Now we have been living together for 9 years! It took 2 years of living together for me to start considering breaking up! And I am still here. I got very depressed and couldn’t get things done any more. So here I am with the same woman still treating me like crap, but now she has actual reason because I have not graduated from a school (due to the depression) and don’t have a job (due to the depression) so I have been stuck in this without energy to get out of it or to make it better.

        But last year something woke me up seriously to how mean my “girlfriend” actually is. My mother had planned a trip abroad to visit her sister. My mother had never been there and already as a child a long time ago I had promised my mother that I will go there with her (my father wasn’t interested in arranging it so my mother needed someone else to go with her).

        So that plan since 15+ years was becoming reality and there was no way I would say no to my mother for that. We agreed to go there together with my “girlfriend”. I figured she would behave fine when out of the home and with other people around us.

        My mother said she will pay for our flight tickets. We were at our home to order the tickets on-line and she paid as she had promised. My “girlfriend” had a wide smile on her face when this happened and she thanked my mother for buying her a flight ticket.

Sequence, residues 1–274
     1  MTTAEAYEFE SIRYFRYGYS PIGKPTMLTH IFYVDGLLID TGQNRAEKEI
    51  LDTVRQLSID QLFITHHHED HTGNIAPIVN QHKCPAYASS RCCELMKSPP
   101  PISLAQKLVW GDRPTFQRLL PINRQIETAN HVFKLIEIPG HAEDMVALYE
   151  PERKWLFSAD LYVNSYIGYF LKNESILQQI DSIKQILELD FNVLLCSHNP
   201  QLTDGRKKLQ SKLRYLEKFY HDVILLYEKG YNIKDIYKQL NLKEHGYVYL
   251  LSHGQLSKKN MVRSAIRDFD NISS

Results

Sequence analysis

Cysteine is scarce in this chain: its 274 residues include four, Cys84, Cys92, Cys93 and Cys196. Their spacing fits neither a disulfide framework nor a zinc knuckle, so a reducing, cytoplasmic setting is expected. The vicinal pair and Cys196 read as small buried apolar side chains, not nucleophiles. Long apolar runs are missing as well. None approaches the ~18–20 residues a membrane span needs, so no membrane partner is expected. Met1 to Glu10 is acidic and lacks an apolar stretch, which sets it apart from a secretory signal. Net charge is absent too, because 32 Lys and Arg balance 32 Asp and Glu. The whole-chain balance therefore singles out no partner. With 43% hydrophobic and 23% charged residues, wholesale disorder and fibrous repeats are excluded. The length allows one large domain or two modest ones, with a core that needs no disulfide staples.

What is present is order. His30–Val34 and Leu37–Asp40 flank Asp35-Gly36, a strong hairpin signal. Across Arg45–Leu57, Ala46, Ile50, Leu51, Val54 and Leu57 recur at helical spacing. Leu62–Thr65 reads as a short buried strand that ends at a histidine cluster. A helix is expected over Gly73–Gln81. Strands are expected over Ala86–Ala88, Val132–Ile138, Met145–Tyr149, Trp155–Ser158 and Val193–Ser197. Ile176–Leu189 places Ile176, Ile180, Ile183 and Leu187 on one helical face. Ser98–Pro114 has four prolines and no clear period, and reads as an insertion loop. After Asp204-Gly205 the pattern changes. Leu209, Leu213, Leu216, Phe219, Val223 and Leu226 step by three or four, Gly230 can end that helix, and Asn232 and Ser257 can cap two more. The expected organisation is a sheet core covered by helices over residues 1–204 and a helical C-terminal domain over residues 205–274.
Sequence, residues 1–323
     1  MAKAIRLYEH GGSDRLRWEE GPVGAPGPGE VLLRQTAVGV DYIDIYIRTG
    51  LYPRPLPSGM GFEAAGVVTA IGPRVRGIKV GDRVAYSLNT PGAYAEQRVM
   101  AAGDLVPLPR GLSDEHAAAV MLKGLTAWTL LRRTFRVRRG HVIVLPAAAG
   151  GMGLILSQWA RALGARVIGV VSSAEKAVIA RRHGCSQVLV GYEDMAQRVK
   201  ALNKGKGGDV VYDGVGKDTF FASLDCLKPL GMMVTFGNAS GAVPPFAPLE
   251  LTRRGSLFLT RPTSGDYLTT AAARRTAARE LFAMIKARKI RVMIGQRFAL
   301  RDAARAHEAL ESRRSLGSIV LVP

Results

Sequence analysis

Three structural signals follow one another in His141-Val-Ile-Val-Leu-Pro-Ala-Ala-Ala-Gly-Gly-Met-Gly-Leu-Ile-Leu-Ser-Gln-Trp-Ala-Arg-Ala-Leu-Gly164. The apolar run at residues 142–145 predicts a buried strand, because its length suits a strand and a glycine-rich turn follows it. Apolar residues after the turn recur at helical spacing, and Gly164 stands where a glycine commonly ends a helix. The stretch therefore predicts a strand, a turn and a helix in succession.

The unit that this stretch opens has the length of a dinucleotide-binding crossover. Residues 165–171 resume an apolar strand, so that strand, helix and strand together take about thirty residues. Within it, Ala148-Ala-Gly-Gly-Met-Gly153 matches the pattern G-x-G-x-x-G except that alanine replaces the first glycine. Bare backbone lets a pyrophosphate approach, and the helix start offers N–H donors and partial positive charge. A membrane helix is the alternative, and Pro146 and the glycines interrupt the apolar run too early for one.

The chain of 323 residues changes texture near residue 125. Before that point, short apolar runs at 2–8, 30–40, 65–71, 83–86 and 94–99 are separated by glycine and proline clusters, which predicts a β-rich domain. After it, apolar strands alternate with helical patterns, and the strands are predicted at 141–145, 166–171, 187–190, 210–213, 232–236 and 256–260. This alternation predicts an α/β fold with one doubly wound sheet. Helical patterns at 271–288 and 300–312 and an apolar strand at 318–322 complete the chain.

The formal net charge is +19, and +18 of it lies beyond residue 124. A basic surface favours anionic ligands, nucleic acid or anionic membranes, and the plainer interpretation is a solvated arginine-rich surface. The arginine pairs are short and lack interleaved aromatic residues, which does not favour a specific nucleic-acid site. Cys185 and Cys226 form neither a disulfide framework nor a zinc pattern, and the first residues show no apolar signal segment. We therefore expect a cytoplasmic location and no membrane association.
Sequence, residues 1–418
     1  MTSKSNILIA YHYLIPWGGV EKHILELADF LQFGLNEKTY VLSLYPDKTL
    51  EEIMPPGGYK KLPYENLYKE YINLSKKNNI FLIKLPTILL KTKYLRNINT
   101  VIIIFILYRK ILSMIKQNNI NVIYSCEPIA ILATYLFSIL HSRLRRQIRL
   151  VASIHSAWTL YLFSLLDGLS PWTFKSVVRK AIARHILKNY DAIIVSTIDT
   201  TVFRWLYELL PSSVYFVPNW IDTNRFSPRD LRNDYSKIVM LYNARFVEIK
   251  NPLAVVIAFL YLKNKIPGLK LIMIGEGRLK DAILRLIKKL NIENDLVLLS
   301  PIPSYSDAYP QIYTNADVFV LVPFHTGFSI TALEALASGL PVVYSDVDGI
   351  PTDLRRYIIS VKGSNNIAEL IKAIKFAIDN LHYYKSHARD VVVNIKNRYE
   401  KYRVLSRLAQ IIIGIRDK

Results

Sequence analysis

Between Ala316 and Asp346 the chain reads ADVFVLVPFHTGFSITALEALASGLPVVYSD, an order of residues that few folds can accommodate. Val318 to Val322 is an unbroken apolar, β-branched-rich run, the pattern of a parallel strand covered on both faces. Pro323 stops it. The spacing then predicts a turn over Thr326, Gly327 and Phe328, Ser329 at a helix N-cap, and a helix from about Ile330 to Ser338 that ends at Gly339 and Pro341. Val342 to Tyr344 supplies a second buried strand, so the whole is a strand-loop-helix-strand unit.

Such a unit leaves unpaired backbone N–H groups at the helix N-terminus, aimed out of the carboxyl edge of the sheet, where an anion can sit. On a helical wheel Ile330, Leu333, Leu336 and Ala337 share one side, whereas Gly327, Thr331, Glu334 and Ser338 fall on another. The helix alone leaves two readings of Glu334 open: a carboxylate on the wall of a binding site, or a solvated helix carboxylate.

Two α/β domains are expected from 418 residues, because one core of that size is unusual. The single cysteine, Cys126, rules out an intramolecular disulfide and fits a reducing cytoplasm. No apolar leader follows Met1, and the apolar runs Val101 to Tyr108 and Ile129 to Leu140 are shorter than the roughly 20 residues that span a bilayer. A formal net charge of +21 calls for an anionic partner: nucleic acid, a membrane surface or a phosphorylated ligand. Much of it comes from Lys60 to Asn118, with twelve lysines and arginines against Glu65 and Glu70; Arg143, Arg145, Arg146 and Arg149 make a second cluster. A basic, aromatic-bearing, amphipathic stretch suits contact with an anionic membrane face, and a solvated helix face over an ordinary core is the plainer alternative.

What happened next day woke me up seriously. Right after she got out of bed she started to blackmail me by demanding that nobody will go on the trip unless I have graduated from the school before it. This had not been an issue the night before when she thanked my mother for paying for the flight tickets. She was being extremely aggressive about it.

        I told her that that’s absolutely not OK. Seriously, it is none of her business do I go to meet my aunt together with my mother or not. We talked about it in the early 90’s and now when we are finally getting around to do it then my “girlfriend” is trying to stop it by blackmailing even though she was very happy to have a flight ticket paid for her. It was a question of do I let her come with us or not. There was no way I could let it slide. So I told my mother what was going on and of course she was totally shocked and enraged, knowing as well how wide a smile the girlfriend had had on her face the previous night about it.